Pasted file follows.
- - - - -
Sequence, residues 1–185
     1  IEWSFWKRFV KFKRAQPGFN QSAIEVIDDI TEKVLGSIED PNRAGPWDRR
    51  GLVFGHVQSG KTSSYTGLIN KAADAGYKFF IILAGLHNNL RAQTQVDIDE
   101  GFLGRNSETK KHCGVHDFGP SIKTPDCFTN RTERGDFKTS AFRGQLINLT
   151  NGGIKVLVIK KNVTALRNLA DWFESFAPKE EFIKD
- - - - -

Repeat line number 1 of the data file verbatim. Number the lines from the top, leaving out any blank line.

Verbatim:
Sequence, residues 1–185